The Biblical God vs. The “Gods” Of TodayDan Doyle
“Yet for us there is but one God, the Father, from whom all things came and for whom we live; and there is but one Lord, Jesus Christ, through whom all things came and through whom we live.” 1 Corinthians 8:6
This is a powerful statement about the Oneness of God. There are two purposefully repeated phrases expressed in this verse to reveal the Oneness of God the Father and God the Son, they are: ‚Äúfrom whom all things came,‚ÄĚ and ‚Äúfor whom we live.‚ÄĚ Their obvious implication is that the Father and Jesus are One. This is a stark contrast to the polytheism that was extant in Paul‚Äôs time, as it is to the world we live in today with its many ‚Äúgods‚ÄĚ of materialism, power, sex, and fame. With this verse we enter into the great mystery of the Trinity, which is the very core of our faith.
This verse follows remarks about the kind of ‚Äúknowledge‚ÄĚ that is involved in the worship of idols, as compared to the kind of knowledge that is found in ‚Äúknowing‚ÄĚ the One God. Paul writes, ‚ÄėThis ‚Äėknowledge‚Äô (associated with idols) puffs up, but love builds up. If anyone imagines that he knows something, he does not yet know as he ought to know. But if anyone loves God, he is known by God.‚ÄĚ (verses 1-2)
Those who make gods out of finite, material things, or out of ideas rooted in human philosophies, put their faith in things that have no real, eternal existence. As Christians, we put our faith in the One God who is Father, Son, and Holy Spirit. We have come to know this God as love. We know his love for us and because of that love we are moved to love him and our neighbor in return. Love is the only ‚Äúknowledge‚ÄĚ that builds up. It is love that brings about forgiveness and reconciliation. Love of God alone is the force that brings life to our thoughts, words, and actions toward others. It is this love that brought all of creation into being, that suffered and died for us, and rose again. It is this love that sustains us, and all of creation, in every moment. It is this love that is the image and likeness we are made in. It is this One God for whom we live.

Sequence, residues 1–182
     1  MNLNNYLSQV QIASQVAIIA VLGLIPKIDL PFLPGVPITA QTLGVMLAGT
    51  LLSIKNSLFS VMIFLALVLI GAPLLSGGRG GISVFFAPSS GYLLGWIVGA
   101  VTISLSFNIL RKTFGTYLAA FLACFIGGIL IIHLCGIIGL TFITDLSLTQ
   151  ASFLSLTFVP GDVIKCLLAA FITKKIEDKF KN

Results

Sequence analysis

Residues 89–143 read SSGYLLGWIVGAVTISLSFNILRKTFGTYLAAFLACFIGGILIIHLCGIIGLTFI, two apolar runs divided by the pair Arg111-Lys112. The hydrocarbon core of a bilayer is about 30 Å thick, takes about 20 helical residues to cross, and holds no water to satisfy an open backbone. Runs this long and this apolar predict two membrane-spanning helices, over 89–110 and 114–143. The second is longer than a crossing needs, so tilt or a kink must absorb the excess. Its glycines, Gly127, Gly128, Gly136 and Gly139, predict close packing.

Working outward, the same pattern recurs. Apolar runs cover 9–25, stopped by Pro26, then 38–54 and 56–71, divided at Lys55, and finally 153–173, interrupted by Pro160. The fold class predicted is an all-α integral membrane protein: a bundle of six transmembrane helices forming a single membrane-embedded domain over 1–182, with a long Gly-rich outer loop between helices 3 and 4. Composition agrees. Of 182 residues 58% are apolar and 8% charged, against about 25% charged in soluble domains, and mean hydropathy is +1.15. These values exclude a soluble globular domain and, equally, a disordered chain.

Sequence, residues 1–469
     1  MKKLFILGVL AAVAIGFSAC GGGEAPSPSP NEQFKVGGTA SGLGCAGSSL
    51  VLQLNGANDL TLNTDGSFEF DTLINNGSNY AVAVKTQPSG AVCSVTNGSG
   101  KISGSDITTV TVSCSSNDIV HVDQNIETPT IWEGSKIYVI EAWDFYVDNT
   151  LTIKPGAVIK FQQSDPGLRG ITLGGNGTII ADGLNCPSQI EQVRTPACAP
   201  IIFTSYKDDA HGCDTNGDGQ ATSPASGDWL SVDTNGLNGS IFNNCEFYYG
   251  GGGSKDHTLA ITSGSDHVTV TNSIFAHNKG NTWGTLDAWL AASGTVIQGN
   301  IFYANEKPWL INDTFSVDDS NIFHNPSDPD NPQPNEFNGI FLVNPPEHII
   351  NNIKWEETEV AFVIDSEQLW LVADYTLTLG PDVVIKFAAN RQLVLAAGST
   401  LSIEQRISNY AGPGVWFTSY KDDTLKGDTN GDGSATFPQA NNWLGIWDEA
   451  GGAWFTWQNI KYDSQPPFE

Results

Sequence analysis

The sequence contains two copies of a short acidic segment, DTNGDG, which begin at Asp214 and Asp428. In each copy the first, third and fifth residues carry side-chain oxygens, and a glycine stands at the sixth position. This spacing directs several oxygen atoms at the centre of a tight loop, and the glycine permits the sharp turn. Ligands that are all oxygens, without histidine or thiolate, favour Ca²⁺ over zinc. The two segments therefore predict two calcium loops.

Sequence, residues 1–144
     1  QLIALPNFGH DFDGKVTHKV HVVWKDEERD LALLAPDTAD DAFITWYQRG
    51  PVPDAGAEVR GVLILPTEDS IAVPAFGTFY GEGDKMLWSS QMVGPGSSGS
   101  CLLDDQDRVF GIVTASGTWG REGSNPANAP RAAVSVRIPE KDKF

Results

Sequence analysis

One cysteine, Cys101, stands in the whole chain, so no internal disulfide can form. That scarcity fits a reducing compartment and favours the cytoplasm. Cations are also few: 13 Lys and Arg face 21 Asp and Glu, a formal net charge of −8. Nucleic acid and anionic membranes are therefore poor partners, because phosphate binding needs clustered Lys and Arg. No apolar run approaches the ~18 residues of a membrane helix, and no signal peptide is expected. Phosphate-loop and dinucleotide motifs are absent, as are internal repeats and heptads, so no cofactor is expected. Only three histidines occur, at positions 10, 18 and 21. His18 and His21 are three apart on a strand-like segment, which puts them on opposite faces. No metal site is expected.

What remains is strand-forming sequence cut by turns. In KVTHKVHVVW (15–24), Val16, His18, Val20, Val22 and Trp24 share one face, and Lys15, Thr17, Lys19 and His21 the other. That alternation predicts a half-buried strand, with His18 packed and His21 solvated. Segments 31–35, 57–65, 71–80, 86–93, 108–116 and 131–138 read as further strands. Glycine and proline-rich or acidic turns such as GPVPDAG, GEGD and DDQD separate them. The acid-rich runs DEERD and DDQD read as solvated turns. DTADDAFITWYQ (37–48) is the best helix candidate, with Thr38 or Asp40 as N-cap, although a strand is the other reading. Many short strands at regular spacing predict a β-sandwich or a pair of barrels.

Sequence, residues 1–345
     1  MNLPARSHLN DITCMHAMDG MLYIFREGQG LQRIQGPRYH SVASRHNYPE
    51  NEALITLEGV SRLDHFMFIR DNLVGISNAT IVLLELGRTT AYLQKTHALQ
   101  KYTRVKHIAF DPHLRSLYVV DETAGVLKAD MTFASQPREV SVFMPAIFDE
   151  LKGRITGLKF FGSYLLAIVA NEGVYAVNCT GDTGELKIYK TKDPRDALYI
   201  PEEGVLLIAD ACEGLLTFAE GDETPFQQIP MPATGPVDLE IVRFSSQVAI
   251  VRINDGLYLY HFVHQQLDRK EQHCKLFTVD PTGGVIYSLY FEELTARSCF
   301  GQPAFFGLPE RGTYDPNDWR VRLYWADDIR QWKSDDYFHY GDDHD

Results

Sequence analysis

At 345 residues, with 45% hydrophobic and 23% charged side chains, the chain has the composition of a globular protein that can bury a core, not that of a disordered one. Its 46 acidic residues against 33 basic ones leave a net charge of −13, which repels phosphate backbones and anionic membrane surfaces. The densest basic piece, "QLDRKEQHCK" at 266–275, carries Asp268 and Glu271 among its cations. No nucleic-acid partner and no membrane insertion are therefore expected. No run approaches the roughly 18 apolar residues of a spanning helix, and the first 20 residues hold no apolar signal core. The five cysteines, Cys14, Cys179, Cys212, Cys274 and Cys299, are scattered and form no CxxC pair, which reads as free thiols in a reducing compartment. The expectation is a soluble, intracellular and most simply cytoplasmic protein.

As Christians, we believe that we have seen the face of God in Jesus. Because we believe (know) that the Father and Jesus are One, we believe that we have encountered the depths and the saving power of God‚Äôs love personally in Jesus. It is through faith that we ‚Äúknow‚ÄĚ this truth. It is in this knowledge, then, that Paul challenges us with a moral imperative. He uses the question about ‚Äúeating the food offered to idols.‚ÄĚ What are some of the ‚Äúfoods offered to idols‚ÄĚ that we are asked to participate in today? Are we not often asked to ‚Äúeat‚ÄĚ the food of political correctness in our media, in the world of entertainment? Are we not asked to ‚Äúeat‚ÄĚ and to desire the lifestyles of the rich and the famous? Are we not asked to swallow the tenets of particular, humanly constructed political, social, and economic ideologies as if they are divine truths? If we, who know that Jesus, alone, is the Way, the Truth, and the Life, are seen by the weak eating the ‚Äúfood‚ÄĚ of these ‚Äúidols,‚ÄĚ might we not be guilty of destroying the weak person, ‚Äúa brother for whom Christ died.‚ÄĚ (verse 11) If so, we will have sinned against Christ. If false and ill conceived ideas (idols) are promoted by the world around us, we Christians must never appear in any way to be ‚Äúgoing along to get along‚ÄĚ with them. We are to be open and clear in all of our thought, words, and deeds, that we are living for God alone, unequivocally.
Lord, you are One. You are our source and our goal. Give us the grace of courage, so that we may recognize and then openly and lovingly refuse to eat the food of today‚Äôs idols. With knowledge of your love, help us to live in ways that lead the weak to you alone. We pray in Jesus‚Äô name. Amen!
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